Do you remember what it was like when you first started learning how to use Photoshop? Aaron Nace of PHLEARN has shared a beautiful video that shows what it looks like when a pro teaches a newbie to use the program. What makes it extra fun is that Aaron’s student is his mom, and she uses Photoshop to edit one of Aaron’s childhood photos. It’s not just fun and heartwarming to watch, but it could remind you of your beginnings either as a learner or a teacher of Photoshop.
Colour space is one of the most confusing topics in digital photography. Every day I see questions popping up on social media about them. The most common one being something along the lines of “Why does the colour on Facebook not look like it did in Photoshop?”
Well, here to demystify colour spaces and talk about LAB, Adobe RGB 1998, ProPhotoRGB and sRGB is Aaron Nace from Phlearn. He breaks down the differences between them, tips on how to choose which colour space to work in and which to use when exporting your final images.
When creating composites, it’s important to match the colors of the shots to make the result look realistic. There are several techniques for doing this in Photoshop, and in this video, Aaron Nace of Phlearn will show you a rather simple one. He’ll teach you how to match colors automatically in just a few clicks.
Understanding exposure is vital if you want to make informed decisions about your photography. And specifically understanding the exposure triangle. The relationship between ISO, aperture and shutter speed. It’s a delicate balance that newer photographers can often struggle with. But let Aaron Nace guide you through it in these videos with a little assistance from Star Wars Lego.
If you’re new to photography, there can be many concepts that still seem overwhelming and confusing. In this video, Aaron Nace of Phlearn explains the basics of aperture to help you grasp the concept and see what the change of aperture does for your shots. But the fun part is: he uses Star Wars Lego (and even Master Yoda’s voice occasionally) to guide you through the theory. I think that it hardly gets more amusing than that.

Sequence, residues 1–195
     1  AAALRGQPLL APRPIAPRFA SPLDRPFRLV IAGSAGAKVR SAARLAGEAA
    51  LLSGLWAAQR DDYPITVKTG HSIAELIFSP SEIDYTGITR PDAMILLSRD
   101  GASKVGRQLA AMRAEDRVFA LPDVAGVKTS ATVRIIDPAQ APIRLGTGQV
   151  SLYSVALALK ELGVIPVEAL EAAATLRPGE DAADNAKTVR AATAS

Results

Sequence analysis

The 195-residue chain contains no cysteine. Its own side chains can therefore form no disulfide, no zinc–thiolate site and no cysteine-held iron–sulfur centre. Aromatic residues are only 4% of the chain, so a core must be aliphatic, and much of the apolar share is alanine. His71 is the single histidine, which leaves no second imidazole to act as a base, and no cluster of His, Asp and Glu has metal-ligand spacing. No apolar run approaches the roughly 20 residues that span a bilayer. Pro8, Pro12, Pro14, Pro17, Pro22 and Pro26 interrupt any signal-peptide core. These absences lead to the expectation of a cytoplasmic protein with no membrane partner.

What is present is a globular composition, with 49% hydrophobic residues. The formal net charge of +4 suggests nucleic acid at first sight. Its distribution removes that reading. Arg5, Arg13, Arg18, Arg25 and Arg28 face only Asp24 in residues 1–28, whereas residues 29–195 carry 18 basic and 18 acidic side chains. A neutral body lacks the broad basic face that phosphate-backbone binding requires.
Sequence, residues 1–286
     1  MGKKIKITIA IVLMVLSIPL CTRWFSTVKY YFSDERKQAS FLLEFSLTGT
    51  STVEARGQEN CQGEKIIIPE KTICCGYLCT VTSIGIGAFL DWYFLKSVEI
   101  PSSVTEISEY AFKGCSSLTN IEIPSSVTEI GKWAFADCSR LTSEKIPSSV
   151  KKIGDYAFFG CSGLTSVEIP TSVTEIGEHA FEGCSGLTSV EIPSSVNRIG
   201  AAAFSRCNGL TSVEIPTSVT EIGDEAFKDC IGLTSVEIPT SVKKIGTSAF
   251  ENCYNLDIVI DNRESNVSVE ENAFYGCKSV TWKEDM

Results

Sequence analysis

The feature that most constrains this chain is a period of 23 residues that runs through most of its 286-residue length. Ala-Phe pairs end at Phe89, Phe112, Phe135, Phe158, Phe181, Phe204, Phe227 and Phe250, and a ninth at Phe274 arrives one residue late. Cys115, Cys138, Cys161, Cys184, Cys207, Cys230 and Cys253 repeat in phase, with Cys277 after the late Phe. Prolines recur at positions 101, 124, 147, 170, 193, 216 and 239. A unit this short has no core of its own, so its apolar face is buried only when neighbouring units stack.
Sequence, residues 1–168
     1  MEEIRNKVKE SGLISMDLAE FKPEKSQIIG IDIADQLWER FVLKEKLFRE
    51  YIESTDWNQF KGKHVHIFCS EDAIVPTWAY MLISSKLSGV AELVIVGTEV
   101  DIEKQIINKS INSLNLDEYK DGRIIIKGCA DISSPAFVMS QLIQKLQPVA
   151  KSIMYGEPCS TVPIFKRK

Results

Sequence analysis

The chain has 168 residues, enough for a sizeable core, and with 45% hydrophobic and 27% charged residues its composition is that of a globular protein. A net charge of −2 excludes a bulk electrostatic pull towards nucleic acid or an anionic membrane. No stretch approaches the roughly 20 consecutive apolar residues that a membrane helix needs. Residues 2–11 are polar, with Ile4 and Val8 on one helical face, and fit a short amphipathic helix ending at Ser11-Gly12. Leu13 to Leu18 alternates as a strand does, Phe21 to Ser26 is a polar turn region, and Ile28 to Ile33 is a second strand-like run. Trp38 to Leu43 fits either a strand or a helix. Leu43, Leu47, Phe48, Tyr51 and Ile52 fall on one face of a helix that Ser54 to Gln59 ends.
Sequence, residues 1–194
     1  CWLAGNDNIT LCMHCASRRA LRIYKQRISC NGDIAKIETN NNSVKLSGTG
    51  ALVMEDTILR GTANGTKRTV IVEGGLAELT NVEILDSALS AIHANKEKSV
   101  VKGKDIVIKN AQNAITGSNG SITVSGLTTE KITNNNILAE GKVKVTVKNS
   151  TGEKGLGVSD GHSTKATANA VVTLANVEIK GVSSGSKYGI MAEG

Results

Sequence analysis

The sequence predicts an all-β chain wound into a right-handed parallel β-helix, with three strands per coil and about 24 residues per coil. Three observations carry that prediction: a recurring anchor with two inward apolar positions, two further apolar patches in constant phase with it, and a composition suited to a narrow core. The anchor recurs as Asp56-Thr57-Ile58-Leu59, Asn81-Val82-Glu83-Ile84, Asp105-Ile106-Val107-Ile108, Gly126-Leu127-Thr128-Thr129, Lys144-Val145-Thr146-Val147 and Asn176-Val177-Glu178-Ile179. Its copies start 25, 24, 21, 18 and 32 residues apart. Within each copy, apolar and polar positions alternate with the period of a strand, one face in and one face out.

No matter what gear you use, sharpening is just a fact of life. Even if you’re using a super sharp Sigma Foveon sensor, or a Phase One Achromatic back, all digital images can benefit from a little sharpening assistance.
Photoshop and other applications offer a million different ways to sharpen your images. Some are more effective than others. And a few are quite versatile, while others are a little more rigid. This tutorial from Phlearn shows the method I’ve been using to sharpen 95% of my images for the better part of the last decade. The High Pass Filter.
The Pen Tool allows you to cut out anything in Photoshop, and it’s especially useful with objects that have hard edges. However, many photographers find it difficult to master. Aaron Nace of Phlearn guides you through this great tool in this video tutorial. If you haven’t mastered the Pen Tool yet, this video will help you learn and improve in less than eight minutes.
When you shoot some underexposed photos, brightening them up is usually not too much of a problem. However, making portraits brighter can result in desaturated, unnatural skin tone. In this quick tutorial, Aaron Nace of PHLEARN shows you how to brighten up a portrait and keep the skin tones saturated and natural-looking. And you can do it all in only two minutes.